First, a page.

On my bookshelf, sandwiched between old high school yearbooks and college-era journals, is a pleather-lined and laminated menu from a diner 3,085 miles from my apartment. I didn’t intend to steal it. On a trip to Boston in 2018, I stuck it in my tote to make room for plates of syrup-saturated French toast and doughnuts coated in cracking glaze. It wasn’t until I returned home that I found it, tucked behind a torn, exhausted copy of the New Yorker. On its cover, above its address and phone number, is a pixelated photo of the diner’s sign — Twin Donuts, written in cursive above a glinting metallic awning, like a set from a Tarantino movie.
Every once in a while, I’ll take my menu off the shelf and fact-check myself: Yes, egg-and-cheese breakfast sandwiches were $2.25. Yes, a plate of eggs, potatoes, and toast was $4. It feels like an artifact of a period of my life that is inconceivable now: leaving my 9 a.m. to 5 p.m. internship to work a 9 p.m. to 3 a.m. shift at a pizzeria, rolling out of bed at 6 a.m. to eat a $5 stack of pancakes with the paltry handful of cash yoinked from the tip jar the night before. I’d order at the counter, peering at the baskets of chocolate-frosted rings behind the coffee machine, or grab a menu to take back to a table in the window. I’ve sat in Twin Donuts wearing sweatpants and suit pants; I’ve killed two hours at one of its tables, and I’ve successfully secured a breakfast there in 90 seconds to avoid missing a bus. The diner has witnessed so many versions of me. As I figured out who I was, it stayed exactly the same.
Twin Donuts opened in 1955, a slice of a doughnut shop between Cambridge and Beacon streets in Allston-Brighton. For the majority of its life, it was an on-the-go breakfast stop as opposed to a diner, serving breakfast pastries and microwaved breakfast sandwiches. The space didn’t have a grill until the early 2000s, when the Taing-Pang family took over the business.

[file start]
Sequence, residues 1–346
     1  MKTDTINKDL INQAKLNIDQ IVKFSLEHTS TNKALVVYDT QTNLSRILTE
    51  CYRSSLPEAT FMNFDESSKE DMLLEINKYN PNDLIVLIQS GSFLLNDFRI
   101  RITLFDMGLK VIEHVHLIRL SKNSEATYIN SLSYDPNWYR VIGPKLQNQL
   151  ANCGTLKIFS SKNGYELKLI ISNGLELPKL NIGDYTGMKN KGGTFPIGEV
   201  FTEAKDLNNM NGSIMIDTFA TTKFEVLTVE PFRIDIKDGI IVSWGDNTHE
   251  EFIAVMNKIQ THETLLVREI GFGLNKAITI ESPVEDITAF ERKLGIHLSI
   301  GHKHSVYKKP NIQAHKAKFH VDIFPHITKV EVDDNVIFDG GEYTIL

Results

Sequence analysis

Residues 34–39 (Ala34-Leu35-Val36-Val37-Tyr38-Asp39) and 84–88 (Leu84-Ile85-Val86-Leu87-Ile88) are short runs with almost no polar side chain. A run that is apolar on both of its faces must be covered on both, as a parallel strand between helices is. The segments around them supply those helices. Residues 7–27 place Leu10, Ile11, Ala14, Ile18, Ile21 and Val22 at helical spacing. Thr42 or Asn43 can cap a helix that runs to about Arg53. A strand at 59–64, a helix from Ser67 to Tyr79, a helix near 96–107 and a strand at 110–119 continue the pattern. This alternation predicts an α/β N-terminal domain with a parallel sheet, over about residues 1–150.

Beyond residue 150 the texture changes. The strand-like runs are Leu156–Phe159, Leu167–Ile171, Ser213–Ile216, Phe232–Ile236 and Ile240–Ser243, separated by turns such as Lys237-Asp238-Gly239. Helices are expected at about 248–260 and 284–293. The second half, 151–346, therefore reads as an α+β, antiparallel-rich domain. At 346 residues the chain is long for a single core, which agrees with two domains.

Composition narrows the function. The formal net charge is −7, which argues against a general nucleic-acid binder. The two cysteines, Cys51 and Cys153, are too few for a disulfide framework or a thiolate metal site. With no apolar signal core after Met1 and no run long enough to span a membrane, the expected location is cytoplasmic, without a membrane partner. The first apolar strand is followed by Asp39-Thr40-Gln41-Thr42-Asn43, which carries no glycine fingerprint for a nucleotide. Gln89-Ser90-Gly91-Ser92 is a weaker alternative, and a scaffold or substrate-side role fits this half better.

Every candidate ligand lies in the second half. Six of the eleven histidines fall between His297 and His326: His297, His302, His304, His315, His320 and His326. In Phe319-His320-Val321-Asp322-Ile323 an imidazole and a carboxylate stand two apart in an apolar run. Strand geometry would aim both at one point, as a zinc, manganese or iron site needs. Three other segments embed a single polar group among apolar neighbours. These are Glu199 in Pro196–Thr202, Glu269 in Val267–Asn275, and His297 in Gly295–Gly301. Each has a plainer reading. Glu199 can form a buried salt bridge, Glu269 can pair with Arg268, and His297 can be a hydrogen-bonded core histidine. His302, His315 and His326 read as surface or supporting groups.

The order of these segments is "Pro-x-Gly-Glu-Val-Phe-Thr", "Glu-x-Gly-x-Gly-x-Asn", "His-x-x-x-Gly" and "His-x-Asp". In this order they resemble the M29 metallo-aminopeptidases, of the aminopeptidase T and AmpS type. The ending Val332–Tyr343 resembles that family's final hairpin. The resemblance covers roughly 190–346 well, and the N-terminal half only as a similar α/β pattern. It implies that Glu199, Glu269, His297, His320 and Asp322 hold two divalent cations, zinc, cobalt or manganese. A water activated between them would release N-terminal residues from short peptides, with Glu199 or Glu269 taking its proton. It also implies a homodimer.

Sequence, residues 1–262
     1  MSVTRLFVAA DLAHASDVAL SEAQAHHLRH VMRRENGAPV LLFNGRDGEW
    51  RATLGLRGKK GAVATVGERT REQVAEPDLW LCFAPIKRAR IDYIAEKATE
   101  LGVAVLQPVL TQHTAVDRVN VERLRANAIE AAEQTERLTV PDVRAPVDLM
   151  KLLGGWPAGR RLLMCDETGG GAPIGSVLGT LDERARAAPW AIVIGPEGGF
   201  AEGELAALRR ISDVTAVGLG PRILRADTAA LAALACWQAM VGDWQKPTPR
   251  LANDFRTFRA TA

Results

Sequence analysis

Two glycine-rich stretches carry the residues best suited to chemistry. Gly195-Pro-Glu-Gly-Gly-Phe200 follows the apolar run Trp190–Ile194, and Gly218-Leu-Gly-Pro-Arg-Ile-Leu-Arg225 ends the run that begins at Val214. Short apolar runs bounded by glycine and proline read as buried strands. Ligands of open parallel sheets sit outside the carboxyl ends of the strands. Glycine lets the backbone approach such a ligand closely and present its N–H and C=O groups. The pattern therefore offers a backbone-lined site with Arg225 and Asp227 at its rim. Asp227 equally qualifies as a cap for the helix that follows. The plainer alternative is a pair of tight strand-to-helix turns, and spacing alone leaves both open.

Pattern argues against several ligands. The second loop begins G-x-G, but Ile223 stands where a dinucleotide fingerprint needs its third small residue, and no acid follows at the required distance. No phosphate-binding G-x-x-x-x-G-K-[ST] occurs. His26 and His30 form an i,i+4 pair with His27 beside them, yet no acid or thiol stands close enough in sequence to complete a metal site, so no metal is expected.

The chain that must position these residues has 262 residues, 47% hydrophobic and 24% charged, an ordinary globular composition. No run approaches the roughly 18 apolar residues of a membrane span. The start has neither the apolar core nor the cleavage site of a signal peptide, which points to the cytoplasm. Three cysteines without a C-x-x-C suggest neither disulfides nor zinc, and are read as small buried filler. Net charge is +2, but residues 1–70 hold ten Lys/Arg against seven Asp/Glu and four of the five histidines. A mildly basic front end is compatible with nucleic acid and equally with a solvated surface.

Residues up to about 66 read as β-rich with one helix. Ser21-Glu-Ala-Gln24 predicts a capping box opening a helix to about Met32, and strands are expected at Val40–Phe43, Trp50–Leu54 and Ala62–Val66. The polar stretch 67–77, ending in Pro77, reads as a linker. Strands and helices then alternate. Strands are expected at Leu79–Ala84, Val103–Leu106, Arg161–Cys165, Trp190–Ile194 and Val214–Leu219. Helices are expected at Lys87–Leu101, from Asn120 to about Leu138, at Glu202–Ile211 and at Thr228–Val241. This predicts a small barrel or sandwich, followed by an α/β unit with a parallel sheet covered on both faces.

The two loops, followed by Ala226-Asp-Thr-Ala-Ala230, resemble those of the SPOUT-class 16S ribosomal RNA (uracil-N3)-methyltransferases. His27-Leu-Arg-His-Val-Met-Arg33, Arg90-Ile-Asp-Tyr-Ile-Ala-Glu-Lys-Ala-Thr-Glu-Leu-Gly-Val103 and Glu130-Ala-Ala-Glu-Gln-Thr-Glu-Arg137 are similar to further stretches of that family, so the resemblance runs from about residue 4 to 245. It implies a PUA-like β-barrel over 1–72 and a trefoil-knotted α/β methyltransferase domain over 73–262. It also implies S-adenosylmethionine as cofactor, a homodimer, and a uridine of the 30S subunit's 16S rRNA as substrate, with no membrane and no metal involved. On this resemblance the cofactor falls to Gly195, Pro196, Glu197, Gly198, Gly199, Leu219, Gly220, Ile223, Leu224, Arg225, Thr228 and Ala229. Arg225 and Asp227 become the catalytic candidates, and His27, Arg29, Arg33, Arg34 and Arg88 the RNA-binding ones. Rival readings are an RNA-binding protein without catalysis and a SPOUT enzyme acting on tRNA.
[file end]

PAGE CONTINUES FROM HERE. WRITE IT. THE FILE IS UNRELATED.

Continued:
Leang Sim Taing and Chiang Sou Pang grew up in Cambodia, escaping as refugees during the rule of the Khmer Rouge. After years working on assembly lines, the family saved enough money to buy the diner in 2001, fulfilling a dream of Leang Sim’s; he died a year later. In 2003 and 2004, Pang and her children — Catherine, Woo, and Wayne Taing — purchased two other diners in the area, Café Mirror and Brighton Cafe. Then, the family started to develop a blended menu of all three businesses: The Taings brought the pancakes and egg plates from Brighton Cafe to Twin, and Twin Donuts supplied the crullers and raised rings for all three. “In the beginning, it was always just a little rough,” Catherine Taing says. “As we added breakfast, things slowly picked up. It took a few months, at least, to get it going, and we kept tweaking it.”
Since then, Chiang Sou Pang and the Taing children have kept the businesses running, in part to honor Leang Sim, but also to keep Twin Donuts’ legacy alive. The diner serves regulars who started visiting in the ’50s, the service workers who rely on Twin Donuts breakfasts before (or after) shifts, and the thousands upon thousands of college students who rotate through the neighborhood. And after a while, Twin Donuts became a fixture among Allston locals for unfussy hangover breakfasts, accruing lines on Saturday and Sunday mornings.
As college students living in Allston, my friends and I would spend entire nights traversing an X in its southwestern corner, where Brighton Avenue crossed Cambridge Street and became North Beacon. We’d eat barbacoa tacos at Lone Star before downing pitchers at the Silhouette Lounge and shredding our vocal cords to ABBA at the Model Cafe.